What is a Home Inspection?
A home inspection is a visual examination of the physical structure and systems of a house, from the roof to the foundation.
The standard home inspector’s report will cover the condition of the home’s:
- heating system
- central air conditioning system (temperature permitting)
- interior plumbing and electrical systems
- the roof, attic, and visible insulation
- walls, ceilings, floors, windows, and doors
- the foundation, basement, and structural components
Why Get a Home Inspection?
Buying a home could be the largest single investment you will ever make. To cut unpleasant surprises and unexpected difficulties, you’ll want to learn as much as you can about the constructed or existing house before you buy it. A home inspection may identify the need for major repairs or builder oversights, as well as the need for maintenance to keep it in good shape. After the inspection, you will know more about the house, which will allow you to make decisions with confidence.
If you already are a homeowner, a home inspection can identify problems in the making and suggest preventive measures that might help you avoid costly future repairs.
If you are planning to sell your home, a home inspection can give you the opportunity to make repairs that will put the house in better selling condition.
The inspection fee for a typical house varies, as does the cost of housing within a given area, the inspection fee may vary depending on many factors such as the size of the house, its age and possible optional services such as septic, well or radon testing. Check our post, “How Much Does a Home Inspection Cost?”
Do not let cost be a factor in deciding whether to have a home inspection or in the selection of your home inspector. The sense of security and knowledge gained from an inspection is well worth the cost, and the lowest-priced inspection is not a bargain. Use the inspector’s qualifications, including experience, training, compliance with your state’s regulations, if any, and professional affiliations as a guide.
Even the most experienced homeowner lacks the knowledge and expertise of a professional home inspector. An inspector is familiar with the elements of home construction, proper installation, maintenance, and home safety. He or she knows how the home’s systems and components are intended to function together, as well as why they fail.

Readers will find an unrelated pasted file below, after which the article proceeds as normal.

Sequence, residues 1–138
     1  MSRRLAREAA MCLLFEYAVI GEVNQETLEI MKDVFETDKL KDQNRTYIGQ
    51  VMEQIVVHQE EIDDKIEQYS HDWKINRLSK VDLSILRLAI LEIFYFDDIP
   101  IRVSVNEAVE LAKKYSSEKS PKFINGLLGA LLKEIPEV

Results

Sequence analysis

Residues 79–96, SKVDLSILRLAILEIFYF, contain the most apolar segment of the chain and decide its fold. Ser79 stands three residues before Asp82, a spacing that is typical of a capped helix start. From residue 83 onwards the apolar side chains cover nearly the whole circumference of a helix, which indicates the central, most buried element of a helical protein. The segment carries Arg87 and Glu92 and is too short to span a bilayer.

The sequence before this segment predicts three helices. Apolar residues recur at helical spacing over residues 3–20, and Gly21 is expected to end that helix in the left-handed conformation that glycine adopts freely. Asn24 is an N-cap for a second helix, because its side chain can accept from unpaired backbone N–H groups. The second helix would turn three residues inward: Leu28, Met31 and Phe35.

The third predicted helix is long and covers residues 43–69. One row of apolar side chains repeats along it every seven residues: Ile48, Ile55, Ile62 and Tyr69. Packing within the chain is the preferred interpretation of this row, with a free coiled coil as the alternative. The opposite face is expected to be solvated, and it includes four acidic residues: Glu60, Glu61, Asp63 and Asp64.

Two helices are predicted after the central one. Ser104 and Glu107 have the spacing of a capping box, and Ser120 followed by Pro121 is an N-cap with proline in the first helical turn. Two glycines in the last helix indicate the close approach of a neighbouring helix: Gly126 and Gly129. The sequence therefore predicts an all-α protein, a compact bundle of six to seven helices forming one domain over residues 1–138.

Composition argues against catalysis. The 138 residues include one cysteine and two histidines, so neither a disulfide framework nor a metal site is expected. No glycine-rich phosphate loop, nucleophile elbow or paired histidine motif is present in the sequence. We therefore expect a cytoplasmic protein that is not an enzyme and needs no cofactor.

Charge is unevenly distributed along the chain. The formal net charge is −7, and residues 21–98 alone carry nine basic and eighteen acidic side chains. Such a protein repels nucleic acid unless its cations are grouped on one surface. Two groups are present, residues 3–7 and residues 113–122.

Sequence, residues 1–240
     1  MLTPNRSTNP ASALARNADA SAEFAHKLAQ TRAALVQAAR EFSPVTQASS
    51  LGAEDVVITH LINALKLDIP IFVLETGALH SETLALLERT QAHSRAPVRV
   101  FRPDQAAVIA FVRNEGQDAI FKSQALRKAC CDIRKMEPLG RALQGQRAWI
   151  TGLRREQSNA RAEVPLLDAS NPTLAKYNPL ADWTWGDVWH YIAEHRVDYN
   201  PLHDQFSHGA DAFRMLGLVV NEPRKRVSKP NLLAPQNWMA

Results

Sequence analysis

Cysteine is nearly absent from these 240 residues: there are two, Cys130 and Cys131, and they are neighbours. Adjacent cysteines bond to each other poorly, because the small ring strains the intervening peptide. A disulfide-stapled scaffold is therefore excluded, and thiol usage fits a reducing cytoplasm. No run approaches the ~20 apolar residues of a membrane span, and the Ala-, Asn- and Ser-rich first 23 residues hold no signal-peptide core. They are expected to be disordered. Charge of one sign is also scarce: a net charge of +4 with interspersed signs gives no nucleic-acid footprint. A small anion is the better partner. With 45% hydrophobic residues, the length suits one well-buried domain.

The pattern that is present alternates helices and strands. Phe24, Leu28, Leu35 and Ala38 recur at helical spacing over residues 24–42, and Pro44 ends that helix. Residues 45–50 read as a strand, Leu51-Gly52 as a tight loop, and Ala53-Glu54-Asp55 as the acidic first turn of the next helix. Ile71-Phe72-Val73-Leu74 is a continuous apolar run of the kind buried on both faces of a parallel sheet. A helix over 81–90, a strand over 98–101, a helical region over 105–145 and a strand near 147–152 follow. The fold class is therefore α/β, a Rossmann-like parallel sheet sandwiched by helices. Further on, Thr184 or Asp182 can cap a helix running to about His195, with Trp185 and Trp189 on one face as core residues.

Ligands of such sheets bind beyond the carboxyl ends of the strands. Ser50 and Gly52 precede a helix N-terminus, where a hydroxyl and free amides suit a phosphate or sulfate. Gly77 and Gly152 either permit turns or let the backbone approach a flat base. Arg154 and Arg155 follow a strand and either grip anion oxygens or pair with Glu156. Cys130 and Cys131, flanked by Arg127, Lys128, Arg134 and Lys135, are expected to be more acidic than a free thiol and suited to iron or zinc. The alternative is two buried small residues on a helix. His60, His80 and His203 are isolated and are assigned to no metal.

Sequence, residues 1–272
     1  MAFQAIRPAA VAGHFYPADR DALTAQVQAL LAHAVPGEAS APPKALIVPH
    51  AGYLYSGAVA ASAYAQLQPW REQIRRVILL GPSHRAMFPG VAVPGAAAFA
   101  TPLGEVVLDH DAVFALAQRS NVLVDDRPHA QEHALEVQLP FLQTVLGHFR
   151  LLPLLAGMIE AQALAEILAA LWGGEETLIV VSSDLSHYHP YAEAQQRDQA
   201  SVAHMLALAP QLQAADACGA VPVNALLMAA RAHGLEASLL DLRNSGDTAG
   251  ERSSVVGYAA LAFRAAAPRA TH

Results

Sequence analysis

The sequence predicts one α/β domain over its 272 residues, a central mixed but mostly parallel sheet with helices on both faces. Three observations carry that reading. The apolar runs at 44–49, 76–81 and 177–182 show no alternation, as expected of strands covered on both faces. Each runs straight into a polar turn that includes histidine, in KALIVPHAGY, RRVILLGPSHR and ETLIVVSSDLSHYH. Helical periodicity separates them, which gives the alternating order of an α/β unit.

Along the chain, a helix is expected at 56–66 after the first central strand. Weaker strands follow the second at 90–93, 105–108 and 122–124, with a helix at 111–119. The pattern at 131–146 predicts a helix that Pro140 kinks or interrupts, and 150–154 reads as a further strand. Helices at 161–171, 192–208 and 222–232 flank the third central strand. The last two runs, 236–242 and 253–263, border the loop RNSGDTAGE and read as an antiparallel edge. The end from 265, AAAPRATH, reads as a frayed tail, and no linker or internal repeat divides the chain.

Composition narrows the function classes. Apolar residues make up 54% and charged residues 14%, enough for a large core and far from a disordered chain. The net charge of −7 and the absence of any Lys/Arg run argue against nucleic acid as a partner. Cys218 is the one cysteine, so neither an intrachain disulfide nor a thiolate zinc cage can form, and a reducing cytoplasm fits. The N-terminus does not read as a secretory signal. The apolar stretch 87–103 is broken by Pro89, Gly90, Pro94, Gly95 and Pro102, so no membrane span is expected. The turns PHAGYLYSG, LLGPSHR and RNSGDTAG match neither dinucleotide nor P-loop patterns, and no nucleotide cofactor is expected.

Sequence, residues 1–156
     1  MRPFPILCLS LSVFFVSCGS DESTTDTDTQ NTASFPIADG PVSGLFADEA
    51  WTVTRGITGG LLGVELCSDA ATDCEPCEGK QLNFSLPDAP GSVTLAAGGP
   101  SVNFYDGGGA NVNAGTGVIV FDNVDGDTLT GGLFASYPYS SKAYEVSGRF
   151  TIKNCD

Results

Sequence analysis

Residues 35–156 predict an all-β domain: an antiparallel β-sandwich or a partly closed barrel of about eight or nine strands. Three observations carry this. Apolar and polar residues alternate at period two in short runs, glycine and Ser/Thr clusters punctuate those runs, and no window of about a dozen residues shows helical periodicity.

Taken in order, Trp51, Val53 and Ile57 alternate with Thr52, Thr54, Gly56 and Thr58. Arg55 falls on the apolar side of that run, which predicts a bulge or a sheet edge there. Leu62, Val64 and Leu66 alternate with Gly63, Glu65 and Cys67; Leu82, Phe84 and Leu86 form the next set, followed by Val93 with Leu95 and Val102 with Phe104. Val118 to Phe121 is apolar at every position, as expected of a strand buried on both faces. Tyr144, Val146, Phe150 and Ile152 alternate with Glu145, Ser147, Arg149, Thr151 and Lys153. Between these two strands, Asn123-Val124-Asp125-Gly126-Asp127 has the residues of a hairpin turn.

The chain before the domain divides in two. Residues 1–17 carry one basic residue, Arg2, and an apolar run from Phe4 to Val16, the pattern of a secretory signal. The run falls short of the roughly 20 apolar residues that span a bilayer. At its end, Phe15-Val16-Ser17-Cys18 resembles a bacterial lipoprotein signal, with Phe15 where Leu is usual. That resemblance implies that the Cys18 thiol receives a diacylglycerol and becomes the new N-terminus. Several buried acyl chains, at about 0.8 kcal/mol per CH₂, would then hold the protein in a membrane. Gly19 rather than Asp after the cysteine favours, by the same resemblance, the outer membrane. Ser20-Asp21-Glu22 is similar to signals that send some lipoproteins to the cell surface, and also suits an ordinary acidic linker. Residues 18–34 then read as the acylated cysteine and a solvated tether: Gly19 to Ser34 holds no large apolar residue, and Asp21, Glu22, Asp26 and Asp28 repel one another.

A professional home inspection is an examination of the current condition of a house. It is not an appraisal, which determines market value. It is not a municipal inspection, which verifies local code compliance. A home inspector, thus, will not pass or fail a house, but rather describe its physical condition and state what components and systems may need major repair or replacement.
Above all, most buyers find it difficult to remain completely objective and unemotional about the house they want, and this may have an effect on their judgment. For accurate information, it is best to get an impartial, third-party opinion by a professional in the field of home inspection.
How to Hire a Home Inspector
Typically, a home inspector is contacted immediately after the contract or sale agreement has been signed. Before you sign, be sure there is an inspection clause in the sales contract, making your final sale obligation contingent on the findings of a professional home inspection. This clause should specify the terms and conditions to which both the buyer and seller are obligated.
While it’s not required that you be present for the inspection, it is recommended. You will be able to observe the inspector and ask questions as you learn about the condition of the home and how to maintain it.
No house is perfect. If the inspector identifies problems, it doesn’t mean you should or shouldn’t buy the house, only that you will know in advance what to expect. If your budget is tight, or if you don’t want to become involved in future repair work, this information will be important to you. If major problems are found, a seller may agree to make repairs.